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How to move

I have done Tai Chi, not regularly at the moment.

As a combat system it teaches muscle memory and relaxation for eventual speed ...

However most will be interested in Chi. Those who do Qigong will eventually be familiar with the 'warm sensation' of relaxed blood flow in the body.
https://en.m.wikipedia.org/wiki/Qigong

A similar warmth or chi flow can be experienced in slow walking meditation.

One of the easiest ways of being more efficient, more body-mind mindful is through slowing our actions to half speed.

Is this the way to move for you? Does it improve your well being?

DavidBunks

Comments

  • federicafederica seeker of the clear blue sky Its better to remain silent and be thought a fool, than to speak out and remove all doubt Moderator
    edited July 2015

    I more or less quit doing Qi Gong when I returned to the UK from France.
    I really MUST pick it up again..... It was so calming, so soothing so balancing....

    I need to re-introduce it into my schedule....

    lobster
  • lobsterlobster Veteran
    edited July 2015

    I feel the same @federica :3

    I am noticing my back needs some loosening ...

    I gonna do some.

    Do or do not, there is no try-chi (lobster yoda)

    Just done some ... Ahhhh ....

    Walker
  • WalkerWalker Veteran

    My yoga practice has gone down the tubes in the last month. Finally found out what's going on, arthritis plus scoliosis. Ugh.

  • DavidDavid some guy Veteran
    edited July 2015

    @Walker said:
    My yoga practice has gone down the tubes in the last month. Finally found out what's going on, arthritis plus scoliosis. Ugh.

    Tai Chi would probably be helpful. Like @lobster said, there can be eventual speed but it's taught as a real nice and slow flow.

    I've read about Qi Gong and it sounds pretty interesting. I have a pamphlet around here somewhere for the center in Toronto and I think most classes are free (with the option of donation) which is nice.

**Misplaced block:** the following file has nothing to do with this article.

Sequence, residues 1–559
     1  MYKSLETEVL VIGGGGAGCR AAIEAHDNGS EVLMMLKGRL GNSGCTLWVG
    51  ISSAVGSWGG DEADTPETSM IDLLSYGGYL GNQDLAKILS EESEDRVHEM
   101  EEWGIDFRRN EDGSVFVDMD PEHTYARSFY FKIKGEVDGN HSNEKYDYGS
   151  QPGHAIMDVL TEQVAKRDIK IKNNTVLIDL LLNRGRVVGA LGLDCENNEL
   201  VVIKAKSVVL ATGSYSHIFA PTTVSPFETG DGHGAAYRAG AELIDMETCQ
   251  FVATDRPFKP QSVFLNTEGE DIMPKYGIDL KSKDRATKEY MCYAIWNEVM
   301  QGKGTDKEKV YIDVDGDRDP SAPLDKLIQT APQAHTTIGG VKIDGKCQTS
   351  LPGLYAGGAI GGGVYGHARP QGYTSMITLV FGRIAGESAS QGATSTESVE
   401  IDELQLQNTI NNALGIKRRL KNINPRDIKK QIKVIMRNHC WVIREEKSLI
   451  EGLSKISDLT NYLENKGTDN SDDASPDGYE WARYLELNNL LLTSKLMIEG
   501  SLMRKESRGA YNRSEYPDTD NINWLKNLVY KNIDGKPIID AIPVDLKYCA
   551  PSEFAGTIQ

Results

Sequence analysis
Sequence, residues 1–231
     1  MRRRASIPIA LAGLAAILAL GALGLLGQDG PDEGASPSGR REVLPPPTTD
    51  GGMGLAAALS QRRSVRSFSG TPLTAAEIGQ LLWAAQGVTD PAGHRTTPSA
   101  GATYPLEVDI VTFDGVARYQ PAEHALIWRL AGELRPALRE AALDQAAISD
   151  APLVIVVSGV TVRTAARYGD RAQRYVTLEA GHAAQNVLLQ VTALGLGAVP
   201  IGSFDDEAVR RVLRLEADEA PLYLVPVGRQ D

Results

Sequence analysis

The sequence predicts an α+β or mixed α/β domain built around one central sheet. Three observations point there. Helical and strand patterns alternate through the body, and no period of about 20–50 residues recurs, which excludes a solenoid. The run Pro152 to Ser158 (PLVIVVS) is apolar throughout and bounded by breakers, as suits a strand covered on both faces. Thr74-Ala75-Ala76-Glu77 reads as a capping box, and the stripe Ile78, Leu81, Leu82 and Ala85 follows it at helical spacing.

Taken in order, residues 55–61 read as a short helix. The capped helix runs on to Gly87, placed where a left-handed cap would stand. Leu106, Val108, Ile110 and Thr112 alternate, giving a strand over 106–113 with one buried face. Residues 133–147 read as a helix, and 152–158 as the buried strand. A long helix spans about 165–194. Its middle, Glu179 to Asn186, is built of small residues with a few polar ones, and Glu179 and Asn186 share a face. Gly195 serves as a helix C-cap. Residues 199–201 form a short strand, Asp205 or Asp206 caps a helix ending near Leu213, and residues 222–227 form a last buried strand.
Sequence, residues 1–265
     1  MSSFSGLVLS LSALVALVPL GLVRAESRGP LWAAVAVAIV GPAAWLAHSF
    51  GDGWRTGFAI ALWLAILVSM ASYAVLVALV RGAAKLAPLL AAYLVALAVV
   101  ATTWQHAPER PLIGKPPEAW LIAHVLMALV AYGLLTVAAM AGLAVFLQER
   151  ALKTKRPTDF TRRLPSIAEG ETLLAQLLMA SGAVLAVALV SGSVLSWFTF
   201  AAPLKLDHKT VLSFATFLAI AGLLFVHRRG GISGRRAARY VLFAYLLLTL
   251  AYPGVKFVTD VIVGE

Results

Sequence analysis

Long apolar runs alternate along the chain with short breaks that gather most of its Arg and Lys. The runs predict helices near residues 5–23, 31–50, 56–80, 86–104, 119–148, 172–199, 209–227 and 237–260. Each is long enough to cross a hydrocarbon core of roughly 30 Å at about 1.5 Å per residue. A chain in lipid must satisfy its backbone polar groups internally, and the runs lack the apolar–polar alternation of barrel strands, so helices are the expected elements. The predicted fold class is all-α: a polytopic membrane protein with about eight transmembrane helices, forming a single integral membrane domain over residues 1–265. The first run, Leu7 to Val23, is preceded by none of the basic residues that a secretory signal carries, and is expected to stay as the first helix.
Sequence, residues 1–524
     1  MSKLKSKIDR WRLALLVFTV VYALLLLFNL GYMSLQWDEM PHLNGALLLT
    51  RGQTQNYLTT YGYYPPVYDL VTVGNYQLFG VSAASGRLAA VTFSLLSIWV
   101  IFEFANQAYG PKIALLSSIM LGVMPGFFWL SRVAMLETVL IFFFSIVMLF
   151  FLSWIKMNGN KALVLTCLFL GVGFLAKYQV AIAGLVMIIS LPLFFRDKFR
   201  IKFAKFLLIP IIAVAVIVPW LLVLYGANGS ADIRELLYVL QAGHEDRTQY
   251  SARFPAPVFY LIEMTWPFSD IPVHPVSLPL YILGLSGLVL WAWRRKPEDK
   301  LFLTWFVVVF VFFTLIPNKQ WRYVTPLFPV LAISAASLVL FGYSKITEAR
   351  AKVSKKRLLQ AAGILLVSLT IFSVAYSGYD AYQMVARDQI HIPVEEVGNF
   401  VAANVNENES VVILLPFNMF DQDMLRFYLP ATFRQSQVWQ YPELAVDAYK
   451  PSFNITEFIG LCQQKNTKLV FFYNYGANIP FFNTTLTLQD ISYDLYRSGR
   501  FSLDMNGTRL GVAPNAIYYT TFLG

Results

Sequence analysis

@federica, am I mistaken or did you say you once taught Qi Gong?

    Walker
  • howhow Veteran

    My current movement teacher was a bone braking high speed tumble off a bike where every limb afterwards continues to yells at me to pay attention when ever I even think of moving.
    Body & mind remain painfully "one".

    Bunks
  • federicafederica seeker of the clear blue sky Its better to remain silent and be thought a fool, than to speak out and remove all doubt Moderator
    edited July 2015

    @ourself said: @federica, am I mistaken or did you say you once taught Qi Gong?

    No, you are not mistaken - all the more shame on me for ceasing my practice....

    I need to obtain my teaching tapes. They're in storage - and watch a couple.....
    Could anyone in the UK convert a video tape onto a cd for me, at all? @lobster, @SpinyNorman ...?

  • lobsterlobster Veteran
    edited July 2015

    @federica said:
    Could anyone in the UK convert a video tape onto a cd for me, at all? lobster, SpinyNorman ...?

    Sorry no specialised equipment this requires. You need nerds.

    Something like this would have resources. If they can not, should be able to direct you somewhere ...
    https://wiki.london.hackspace.org.uk/view/London_Hackspace

  • DairyLamaDairyLama Veteran
    edited July 2015

    @lobster said:> I have done Tai Chi, not regularly at the moment. Those who do Qigong will eventually be familiar with the 'warm sensation' of relaxed blood flow in the body.